Addiction discussion is very important when it comes to addiction and recovery. Those living with an addict will be fully aware of how the illness can affect the actions and behaviour of those affected. People with addiction often become very secretive and will hide what they are doing from their loved ones if they believe it will allow them to continue with their destructive behaviour.

Addiction is a lonely place, and many of those affected are unable to communicate with their loved ones as they feel that nobody understands them. People living with an addict may find it hard to comprehend why their loved one is acting the way he or she is, and this inevitably leads to disappointment and distrust.

It is understandable, therefore, that discussion becomes a crucial part of addiction recovery. It is vital that those in recovery from illnesses such as drug addiction and alcoholism, learn how to communicate honestly and openly with their counsellor or therapist and with their loved ones.

Effective Communication

Recovery from addiction is quite tough, so having someone to talk to is helpful. One of the fundamental aspects of fellowship programmes such as Alcoholics Anonymous is communication. Members are encouraged to share their stories and experiences, and these discussions are an important part of the healing process. With millions of people around the world relying on fellowship programmes for effective recovery from addiction, there is no doubt that discussion works.

Discussion at Fellowship Meetings

Talking about addiction and past experiences are encouraged in recovery. Many rehab clinics will provide treatments such as one-to-one counselling sessions and group therapy where patients are encouraged to discuss their lives and the things that trigger their addictive behaviour.

Addiction Helper works with a number of rehabilitation clinics where 12-step work is also used. These clinics understand the importance of communication in recovery and know that those who want to overcome addiction need a platform where they can openly discuss this important part of their lives without feeling worried about being judged.

Sharing your feelings and thoughts is therapeutic. As well as telling others about the things that have happened in your life, you can listen to and identify with the stories told by other members. Fellowship support meetings are motivational and inspirational, especially when the storyteller is real life proof of how life can be turned around for the better.

Benefits of Addiction discussion

Talking about addiction helps to relieve stress and tension. Many addicts find that they are not always able to talk to their family members or friends about things that have happened in their lives. They may be embarrassed or ashamed about things they have done in the past and are unable to open up about these issues with the people they love. Thankfully, it is possible to talk to members of a fellowship meeting or counsellors. Here at Addiction Helper, we have a team of advisors, counsellors and therapists available 24-hours a day for those who need to discuss their issues.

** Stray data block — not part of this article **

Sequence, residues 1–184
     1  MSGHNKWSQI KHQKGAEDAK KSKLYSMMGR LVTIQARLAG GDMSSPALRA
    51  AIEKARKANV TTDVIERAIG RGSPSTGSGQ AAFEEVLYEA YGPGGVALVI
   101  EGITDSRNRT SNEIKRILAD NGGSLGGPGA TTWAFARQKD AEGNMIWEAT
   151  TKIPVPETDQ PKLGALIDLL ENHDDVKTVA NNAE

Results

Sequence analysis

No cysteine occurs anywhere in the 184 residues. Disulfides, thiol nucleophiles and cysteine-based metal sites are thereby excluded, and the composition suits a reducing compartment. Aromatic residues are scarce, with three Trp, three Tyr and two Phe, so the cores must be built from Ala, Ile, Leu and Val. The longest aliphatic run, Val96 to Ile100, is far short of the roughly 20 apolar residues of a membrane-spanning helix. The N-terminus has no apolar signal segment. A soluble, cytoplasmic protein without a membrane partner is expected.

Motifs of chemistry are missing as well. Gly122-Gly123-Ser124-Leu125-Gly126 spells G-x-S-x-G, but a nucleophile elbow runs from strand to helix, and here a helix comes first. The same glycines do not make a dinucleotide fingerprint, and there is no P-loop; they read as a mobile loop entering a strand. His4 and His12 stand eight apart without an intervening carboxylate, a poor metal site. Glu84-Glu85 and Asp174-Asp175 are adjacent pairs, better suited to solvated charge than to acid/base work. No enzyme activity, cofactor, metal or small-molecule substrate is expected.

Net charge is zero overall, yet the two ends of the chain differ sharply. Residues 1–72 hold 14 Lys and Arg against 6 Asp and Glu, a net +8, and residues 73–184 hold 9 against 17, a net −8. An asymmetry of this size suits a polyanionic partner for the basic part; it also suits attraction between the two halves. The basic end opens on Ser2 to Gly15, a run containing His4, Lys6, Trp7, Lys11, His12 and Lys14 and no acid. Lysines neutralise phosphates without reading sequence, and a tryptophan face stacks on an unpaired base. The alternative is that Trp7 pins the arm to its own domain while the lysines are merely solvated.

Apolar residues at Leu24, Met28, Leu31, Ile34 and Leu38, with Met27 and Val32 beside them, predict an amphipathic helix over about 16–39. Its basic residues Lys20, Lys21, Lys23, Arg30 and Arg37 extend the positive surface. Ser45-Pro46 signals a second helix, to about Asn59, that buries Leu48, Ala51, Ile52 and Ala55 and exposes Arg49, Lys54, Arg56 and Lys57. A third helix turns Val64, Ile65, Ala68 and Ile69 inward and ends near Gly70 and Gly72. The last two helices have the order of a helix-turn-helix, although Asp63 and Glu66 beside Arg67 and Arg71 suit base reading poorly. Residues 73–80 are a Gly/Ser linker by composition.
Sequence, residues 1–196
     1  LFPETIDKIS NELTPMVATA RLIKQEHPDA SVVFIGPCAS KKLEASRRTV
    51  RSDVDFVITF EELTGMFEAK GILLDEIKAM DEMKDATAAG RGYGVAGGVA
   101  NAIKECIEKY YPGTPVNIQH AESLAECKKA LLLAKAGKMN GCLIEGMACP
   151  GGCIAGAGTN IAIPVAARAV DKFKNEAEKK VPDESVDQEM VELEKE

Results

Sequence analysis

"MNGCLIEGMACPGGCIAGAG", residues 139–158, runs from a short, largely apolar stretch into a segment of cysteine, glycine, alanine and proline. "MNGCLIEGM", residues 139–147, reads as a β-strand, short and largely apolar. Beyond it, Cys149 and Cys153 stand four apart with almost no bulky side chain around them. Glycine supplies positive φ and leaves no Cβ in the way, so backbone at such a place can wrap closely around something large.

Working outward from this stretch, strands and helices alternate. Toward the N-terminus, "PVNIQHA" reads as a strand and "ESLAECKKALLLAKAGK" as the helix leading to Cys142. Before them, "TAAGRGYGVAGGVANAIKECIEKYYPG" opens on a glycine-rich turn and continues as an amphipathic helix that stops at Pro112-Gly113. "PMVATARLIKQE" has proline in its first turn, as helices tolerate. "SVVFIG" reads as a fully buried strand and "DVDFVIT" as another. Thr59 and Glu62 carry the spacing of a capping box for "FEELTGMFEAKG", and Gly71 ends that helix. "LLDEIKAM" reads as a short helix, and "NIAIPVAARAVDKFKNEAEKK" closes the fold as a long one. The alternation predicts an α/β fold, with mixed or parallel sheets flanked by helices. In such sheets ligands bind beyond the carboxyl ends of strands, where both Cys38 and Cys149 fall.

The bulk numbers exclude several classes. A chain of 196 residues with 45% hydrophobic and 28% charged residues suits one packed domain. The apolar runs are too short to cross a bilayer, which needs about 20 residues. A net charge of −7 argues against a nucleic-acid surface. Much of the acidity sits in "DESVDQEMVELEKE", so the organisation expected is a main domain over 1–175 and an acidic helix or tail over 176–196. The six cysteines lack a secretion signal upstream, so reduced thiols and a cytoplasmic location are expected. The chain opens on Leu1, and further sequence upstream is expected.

Our team of fully qualified staff have experience and knowledge of what you are going through, and they can offer first-hand advice as many have been through recovery journeys of their own.

You may find that our staff can offer you a different perspective on your problems. Having been through similar experiences, they are in prime position to help you see a different side to things and may be able to provide you with helpful advice on issues that you cannot discuss with those closest to you.

Have you ever had the feeling that something is bothering you but you cannot quite put your finger on it? This is something that often happens to those in recovery from addiction. You may be experiencing a sense of unease, but you cannot pinpoint the reason for it. By calling us here, we may be able to assist you to make sense of these feelings and help to relieve the stress this is causing you. Talking through your feelings with experienced counsellors or therapists may help to make things a little bit clearer in your mind.

Talking with Your Family

While there may be particular issues that you would prefer not to discuss with your loved ones, it is important that you learn how to communicate effectively with your family members and friends while in recovery.

You may feel as though you do not even know your family members and friends once you have finished rehabilitation. This is probably because you have spent so long consumed by your addiction that you do not know how to talk to them anymore. It can be tough for everyone involved and may take a while to get things back to some semblance of normality.

However, the important thing to remember is that you can heal your relationship through effective and open discussion. Recovery is a long process and relationships will not be mended overnight. Learn to take things day by day. Try to make amends with your family members and friends and remember that it will involve more than just saying ‘I’m sorry’. You need to now show that you are sorry by working hard to let them know how much you appreciate them and how much you want to heal things.


Be honest with your loved ones about your addiction. You have probably learned a lot about yourself during recovery, so now is the time to share what you can with the people you love. Help them to explain why you became addicted so they have a sense of what has been going on in your mind.

Talk to every member of your family to find out how they are feeling and try not to get too disheartened if people are harbouring resentment towards you – this is natural and is something you can work to rectify.

And remember, if you are ever feeling overwhelmed during your recovery, you can call us here at Addiction Helper for advice and support, or even just for a chat.